e.g. The employer tells the candidate $70-$75k is the range for the role, and the ecstatic candidate currently getting being underpaid at $60k tells them 'yes, that range works for me!' and all is well. In this way the new law serves its purposes. Because under the old system it would go something like this:

The recruiter asks a candidate what they make, they tell the recruiter $60k and that they are willing to move for $65k, and the candidate gets a $5k raise as opposed to the $10-$15k they should be getting at market because they have disclosed their reserve price. Companies that care about internal equity don't do this, but in cases where employers don't care all too often this sort of thing happens.




I think they have the motive thing completely off base. I've never asked for salary info because I was trying to lowball someone. Ever. If my target salary is $100k and you earn $140, we're not likely to have a middle ground number that's going to make sense for both of us. You make $80k and I want to pay $85? I'm probably going to pay you $85 because I want you to be happy, the market told me $85 was fair, and I don't like turnover or bitter employees because I did something stupid over a piddling $5k.

I like to hear salary data. I'm not sorry about it. If you KNOW you're underpaid, that tells me you did your research and you're expecting to be treated like a player. There IS usually a correlation between pay and performance. And people who lie about their pay or get cagey with me when we start talking numbers are usually employees who lie about other things and get cagey as employees. There are exceptions to all of the above. But I'd rather work to the rule and manage to the exceptions instead of flipping that model.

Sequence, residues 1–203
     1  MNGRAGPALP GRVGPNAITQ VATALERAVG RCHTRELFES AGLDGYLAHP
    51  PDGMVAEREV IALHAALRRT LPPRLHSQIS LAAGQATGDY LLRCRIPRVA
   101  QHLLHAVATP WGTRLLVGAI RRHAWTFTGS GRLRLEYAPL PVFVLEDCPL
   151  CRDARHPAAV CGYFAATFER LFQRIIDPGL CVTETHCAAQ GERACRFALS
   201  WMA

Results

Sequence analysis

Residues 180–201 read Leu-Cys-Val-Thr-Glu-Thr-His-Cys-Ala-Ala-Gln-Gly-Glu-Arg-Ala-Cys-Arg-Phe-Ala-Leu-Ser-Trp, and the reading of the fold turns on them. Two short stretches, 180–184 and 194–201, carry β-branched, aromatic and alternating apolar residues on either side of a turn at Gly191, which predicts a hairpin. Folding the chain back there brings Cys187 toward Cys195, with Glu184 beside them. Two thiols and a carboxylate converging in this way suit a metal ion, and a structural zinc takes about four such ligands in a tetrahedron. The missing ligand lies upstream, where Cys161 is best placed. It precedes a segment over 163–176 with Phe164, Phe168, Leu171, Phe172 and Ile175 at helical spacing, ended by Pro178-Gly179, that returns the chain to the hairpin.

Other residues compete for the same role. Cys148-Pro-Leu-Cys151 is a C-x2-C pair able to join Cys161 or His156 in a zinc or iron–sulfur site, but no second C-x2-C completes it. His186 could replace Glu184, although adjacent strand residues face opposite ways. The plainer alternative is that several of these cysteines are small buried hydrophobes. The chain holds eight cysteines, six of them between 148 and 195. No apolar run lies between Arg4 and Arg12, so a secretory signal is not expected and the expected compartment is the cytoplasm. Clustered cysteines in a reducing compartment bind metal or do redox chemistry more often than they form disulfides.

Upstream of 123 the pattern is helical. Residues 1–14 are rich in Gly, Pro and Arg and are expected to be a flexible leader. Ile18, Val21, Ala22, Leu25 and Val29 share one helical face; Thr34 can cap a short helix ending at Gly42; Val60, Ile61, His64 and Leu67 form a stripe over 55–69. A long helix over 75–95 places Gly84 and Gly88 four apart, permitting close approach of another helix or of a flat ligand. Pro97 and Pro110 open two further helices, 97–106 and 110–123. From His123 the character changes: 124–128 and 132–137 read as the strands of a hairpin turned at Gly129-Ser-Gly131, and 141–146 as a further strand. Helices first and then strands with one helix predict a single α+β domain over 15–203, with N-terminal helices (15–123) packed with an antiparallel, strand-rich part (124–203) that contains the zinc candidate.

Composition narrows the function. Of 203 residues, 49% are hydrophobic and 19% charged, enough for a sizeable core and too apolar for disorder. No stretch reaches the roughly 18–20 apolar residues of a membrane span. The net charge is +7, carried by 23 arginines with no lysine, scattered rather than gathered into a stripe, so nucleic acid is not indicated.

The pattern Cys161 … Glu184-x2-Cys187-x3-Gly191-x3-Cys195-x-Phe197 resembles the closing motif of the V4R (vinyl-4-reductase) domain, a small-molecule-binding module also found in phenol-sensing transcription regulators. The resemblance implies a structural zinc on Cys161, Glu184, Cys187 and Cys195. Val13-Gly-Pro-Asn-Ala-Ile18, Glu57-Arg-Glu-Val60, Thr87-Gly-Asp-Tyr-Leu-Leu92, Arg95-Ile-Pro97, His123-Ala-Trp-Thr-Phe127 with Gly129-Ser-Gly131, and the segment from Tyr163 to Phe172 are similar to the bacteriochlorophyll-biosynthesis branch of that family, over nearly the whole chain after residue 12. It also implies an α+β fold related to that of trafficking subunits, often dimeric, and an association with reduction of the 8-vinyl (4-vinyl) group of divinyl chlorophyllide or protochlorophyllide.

Selfishly. candidate data gives me real-time comp analysis too. In a tight market, I don't think most salary surveys are all that useful. I can easily argue that we need to pay more for a critical job if we have three rejections based on pay or I lose targets during the "fishing" stage because they're making more than I've been given to work with.

Kinda venting here, but unnecessary legislation boils my blood.


Fantastic Article Kris! Loved the lines "Great recruiters are like stock traders - we help clients understand whether someone's a buy or a sell based on their price."

Joe Rice

First you qualify your statement with "for any recruiter worth their salt." Not all are worth their salt. You know that.

Second, measuring experience is subjective.
Prior salary does get used as a proxy for experience and value. Knowing that a candidate makes 95k makes you view their experience better than the candidate at 70k. Maybe you, your readers, and me are not guilty of this, but I've seen it as a compensation professional. I suspect you've come across it too.

Thanks for the post and the opportunity for discussion.


As an HR pro and as a candidate, I'm all about sharing salary on both sides. When I'm a candidate, I want to be very open on what I'm making and what it will take for me to make the leap. I don't want to waste my time or the recruiters. As an HR pro, I'm happy to share a range. Same reason. Time is money people. Sure for the perfect purple squirrel we might break open the bank. But we aren't in the business of low-balling salaries to new hires and then have them feel disgruntled when they get on board. Again, a waste of time and money...